Lamarre furthers the discussion of the “transmedial dimensions” (116) of television in Part 2, turning his gaze again to Japan. Recalling how the imperial wedding between then Crown Prince Akihito and Michiko Shōda in 1959 boosted sales of television sets, Lamarre reminds his readers how television sets and broadcasting were used as a way of unifying Japan and rebuilding its image domestically after its defeat in World War II. He argues that the intensive building of television infrastructure after the 1950s produced “Japaneseness” by “bringing people throughout Japan into the same homogeneous temporality” (127). A “one-to-many” (35) distributive mode was thus established in Japan with the centralisation and nationalisation of television broadcasting. However, Lamarre seeks to disrupt the common conception of the “one to many” mode as monolithic. He gives the example of how television programs target different audiences in different time slots, showing that television broadcasting also manifests the ‘point-to-point’ tendency which is considered a distinct feature of new media by scholars who contend that television has been subsumed by new media. Lamarre further shows that plug-in devices such as VCRs, DVDs and home video game consoles, along with animated contents and characters, have transformed television into a more segmented, individualised and privatised media platform. Television, he argues, is not being replaced by new media but is instead becoming a powerful part of new media.
In the third and final part of the book, Lamarre scrutinises the psychological relationship that viewers and players have with television as a platform in their encounters with animation and video games. The interrelation between anime and television contributes to a phenomenon of what Lamarre calls “platformativity.” According to his definition, platformativity describes the state where anime characters and television media interact with viewers, users and players. Lamarre demonstrates this phenomenon by examining four household television media systems, or ‘media ecologies’: ‘The Family Broadcast Complex’, ‘The Home Theatre Complex’, ‘The Game Play Complex’ and ‘The Portable Interface Complex’. Through these case studies, he shows that television animation’s “production of distribution” (211) has been creating an immersive individualised space where viewers and players are absorbed and transformed into characters. This increasing immersivity, he argues, has fuelled the growing phenomenon of media addiction. Lamarre insists that we should contemplate the profound effects that television animation and game media might be having on users as they increasingly “affect conduct in real world” (343) due to mass production resulting from capitalistic drive. He calls for a rethink of media addiction as something more complex than an individual neurophysiological response to stimulus. He urges for more interdisciplinary analysis of how and why television animation and game media have been produced in order to let consumers immerse—or even lose— themselves in this environment, with the ultimate aim of better understanding the implications for users.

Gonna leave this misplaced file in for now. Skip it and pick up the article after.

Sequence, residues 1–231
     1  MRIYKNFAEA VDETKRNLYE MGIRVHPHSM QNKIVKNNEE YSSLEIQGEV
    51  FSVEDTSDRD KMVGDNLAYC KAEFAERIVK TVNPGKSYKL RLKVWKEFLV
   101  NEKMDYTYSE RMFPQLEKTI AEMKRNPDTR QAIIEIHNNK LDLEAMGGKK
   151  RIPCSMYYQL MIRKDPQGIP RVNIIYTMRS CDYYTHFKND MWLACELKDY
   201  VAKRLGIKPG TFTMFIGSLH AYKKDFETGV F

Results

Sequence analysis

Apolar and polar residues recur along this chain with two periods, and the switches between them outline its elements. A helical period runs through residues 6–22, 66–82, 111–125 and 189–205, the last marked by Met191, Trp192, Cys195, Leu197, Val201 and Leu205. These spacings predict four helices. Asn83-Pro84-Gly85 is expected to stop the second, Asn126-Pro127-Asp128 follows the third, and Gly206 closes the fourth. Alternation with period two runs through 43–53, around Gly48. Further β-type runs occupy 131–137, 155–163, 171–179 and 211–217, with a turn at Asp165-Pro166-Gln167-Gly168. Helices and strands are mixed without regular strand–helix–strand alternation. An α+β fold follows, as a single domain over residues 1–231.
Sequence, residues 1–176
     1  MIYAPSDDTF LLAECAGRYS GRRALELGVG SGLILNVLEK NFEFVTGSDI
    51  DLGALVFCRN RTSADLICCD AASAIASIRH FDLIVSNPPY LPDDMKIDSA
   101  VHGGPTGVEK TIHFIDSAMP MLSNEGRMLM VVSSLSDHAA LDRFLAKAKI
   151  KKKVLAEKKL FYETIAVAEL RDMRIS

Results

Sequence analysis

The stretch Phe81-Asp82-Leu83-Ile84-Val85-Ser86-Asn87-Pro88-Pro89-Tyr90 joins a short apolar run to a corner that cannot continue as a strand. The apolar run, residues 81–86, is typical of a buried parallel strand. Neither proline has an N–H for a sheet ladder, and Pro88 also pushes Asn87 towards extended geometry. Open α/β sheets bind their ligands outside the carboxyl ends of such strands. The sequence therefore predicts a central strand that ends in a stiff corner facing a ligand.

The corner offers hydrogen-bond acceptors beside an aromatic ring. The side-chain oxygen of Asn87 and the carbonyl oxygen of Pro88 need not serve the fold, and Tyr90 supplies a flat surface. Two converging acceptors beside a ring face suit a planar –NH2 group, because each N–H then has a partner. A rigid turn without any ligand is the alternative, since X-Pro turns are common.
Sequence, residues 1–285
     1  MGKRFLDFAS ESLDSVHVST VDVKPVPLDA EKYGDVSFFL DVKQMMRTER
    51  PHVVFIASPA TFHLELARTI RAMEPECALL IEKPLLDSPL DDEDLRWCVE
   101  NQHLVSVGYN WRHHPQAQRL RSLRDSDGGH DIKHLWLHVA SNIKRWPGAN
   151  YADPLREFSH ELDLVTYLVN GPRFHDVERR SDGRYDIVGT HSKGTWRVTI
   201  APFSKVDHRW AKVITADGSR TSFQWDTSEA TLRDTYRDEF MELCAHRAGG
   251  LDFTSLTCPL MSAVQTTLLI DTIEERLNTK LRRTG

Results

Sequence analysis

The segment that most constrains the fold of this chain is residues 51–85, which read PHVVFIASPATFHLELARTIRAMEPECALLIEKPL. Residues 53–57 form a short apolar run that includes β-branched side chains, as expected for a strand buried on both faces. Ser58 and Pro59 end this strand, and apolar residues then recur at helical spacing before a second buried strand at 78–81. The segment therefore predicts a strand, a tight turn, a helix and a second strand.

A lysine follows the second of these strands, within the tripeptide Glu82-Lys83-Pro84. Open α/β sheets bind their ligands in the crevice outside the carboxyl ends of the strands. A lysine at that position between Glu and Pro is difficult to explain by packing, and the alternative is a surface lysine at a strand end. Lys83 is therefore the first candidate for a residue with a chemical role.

Lamarre brings a tight focus to a wide range of related perspectives, from the neurological and biological sciences to the humanities and social sciences. This book’s rigorous engagement with Japanese television and animation makes it a ground-breaking contribution to Japanese studies. Scholars and students who are interested in manga, animation and other aspects of Japanese popular culture will find The Anime Ecology more than satisfactory. It will also be of great benefit to audiences in the fields of television and cinema studies, new media studies, culture studies and social studies.
Hayles, N. K. 2012. How We Think: Digital Media and Contemporary Technogenesis. Chicago and London: University of Chicago Press. https://doi.org/10.7208/chicago/9780226321370.001.0001.
Lamarre, Thomas. 2009. The Anime Machine: A Media Theory of Animation. Minneapolis: University of Minnesota Press.
Jindan Ni is a Chinese lecturer in Global and Language Studies at RMIT University, and has worked in the areas of Japanese classical literature, comparative literature and Chinese literature. She received a PhD in Comparative Literature from La Trobe University in 2017 and has published academic papers in Translation Studies, Japanese Literature and Comparative Literature. Her forthcoming monograph The Tale of Genji and its Chinese Precursors: Beyond the Boundaries of Nation, Class and Gender studies transnational literary practices in the premodern Sinographic sphere. She is also an active translator who has translated books from Japanese and English to Chinese.